3 min read

Six Key Takeaways from the Crux Data & Sustainability Summit

Energy use is at the crux of sustainability. The Crux Informatics inaugural Data & Sustainability Summit took place on June 23rd and 24th, 2020. The two-day event featured 25+ of the leading experts and thought leaders in the sustainable technology and ESG investing sectors.

Sustainability and ESG investing continue to be a core focus for financial institutions. Profitability, cultural alignment and operational efficiencies are a few of the leading drivers behind the focus on sustainability and responsible investing. Sustainability offers a long-term solution to a problem that needs solving now, but it works two-fold– firms must see opportunities for sustainable investments, but also understand a change must come from within.

Here’s one problem. The carbon footprint of information and communications technology is currently measured to be 2% of global emissions, and expected to grow to 8% by 2030 with firms spending approximately 80% of their data resources in repetitive data processing, storage and management work, and only 20% on data science. At Crux, we see a way to solve this problem by building better processes that avoid duplicative or inefficient data and enable more efficient data usage. A great opportunity exists for companies to find their own sustainable path, from hyperscaling their cloud-based infrastructure to incorporating different ESG metrics to better define success.

6 Key Takeaways

1. We’re on the cusp of a “third wave” in ESG investing

The first wave of socially responsible investing happened during the civil rights and social movements of the 1960s, specifically by defunding Agent Orange. Later, in 2005, we saw a materiality wave where ESG data could be measured and shown to be consistent with fiduciary duty. It revealed that a long-term breach of ESG principles will result in weakening of relationships with investors. Now, we have increased pressure from government organizations demanding disclosure and enhanced reporting from corporations. Recent EU taxonomy and regulations are prime examples of this trend. With growing civil society concerns, the disclosure environment today is more mature than ever before. Many corporations believe they need to take action due to real material risks associated with social concerns.

2. When it comes to data and sustainability, financial companies understand the business value

Financial companies are beginning to understand the business benefits of having science-based data targets for emissions in their own supply chain. Sustainability is also a higher priority when evaluating investments as they now can be measured more deeply, to the level of individual devices, and this is changing how firms are doing business.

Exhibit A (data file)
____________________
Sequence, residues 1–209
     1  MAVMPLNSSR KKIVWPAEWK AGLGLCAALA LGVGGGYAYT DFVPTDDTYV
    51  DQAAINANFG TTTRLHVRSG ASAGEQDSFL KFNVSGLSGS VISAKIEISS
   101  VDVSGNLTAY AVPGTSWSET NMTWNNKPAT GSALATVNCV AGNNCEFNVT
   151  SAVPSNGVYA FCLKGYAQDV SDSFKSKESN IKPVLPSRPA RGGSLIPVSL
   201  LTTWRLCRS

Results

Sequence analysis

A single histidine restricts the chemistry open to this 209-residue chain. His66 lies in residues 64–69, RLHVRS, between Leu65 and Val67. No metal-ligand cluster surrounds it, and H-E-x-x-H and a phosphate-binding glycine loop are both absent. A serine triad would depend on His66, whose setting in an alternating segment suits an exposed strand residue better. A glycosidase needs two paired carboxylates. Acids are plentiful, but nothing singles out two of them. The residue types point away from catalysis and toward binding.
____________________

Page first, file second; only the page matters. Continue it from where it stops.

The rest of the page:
3. Moving to the cloud is only one step, sustainability targets are essential

Moving to the cloud can provide greater efficiency for companies. But it’s also important to know if cloud providers are using renewable energy or new tools for monitoring the use of energy. It’s incumbent on more companies to take account of their emissions and energy usage and the rise of ESG investing is forcing companies to take greater stock of their data consumption.

4. Myth Debunked! Profit and social impact are not mutually exclusive

Many firms are now realizing that ESG is not just about values, but about making better investment decisions. With more insightful and accurate ESG scoring, more financial firms see clearly the links between strong ESG performance and strong risk and return. According to one panelist, since the pandemic, one financial institution analyzed around 20 subsections in the energy space and ranked by carbon intensity. They saw a near-perfect correlation with valuation based on the criteria.  

5. The “S” in ESG has come to prominence

Often discounted as being the lesser letter in ESG, largely due to it being more difficult to measure, the “S” which stands for social, has vaulted to the top of the list. After a series of global social and health crises, such as the pandemic and the Black Lives Matter movement, companies and sovereigns that neglect diversity & inclusion and avoid solutions to serve communities, will be perceived as risky. New metrics in the S-space will provide a deeper understanding of company performance. ESG funds are on the rise as investors realize that companies have to do better — particularly when it comes to the social aspect of ESG mandates during the Black Lives Matter movement.

6. The road to ESG data “standardization” is foggy, but new light is clearing the path

The ESG data landscape is deeply fractured in terms of standards and scoring, however it is looking to be increasingly possible to have a merging of streams among standards bodies and data suppliers. Everyone wants common metrics of performance and that reality is a long way off, but more transparency and collaboration are resulting in recent progress and collaboration to put the right steps in place to achieve this goal. 

We look forward to our next Summit. Thank you to all who participated.

Session Recordings

View all session replays here.

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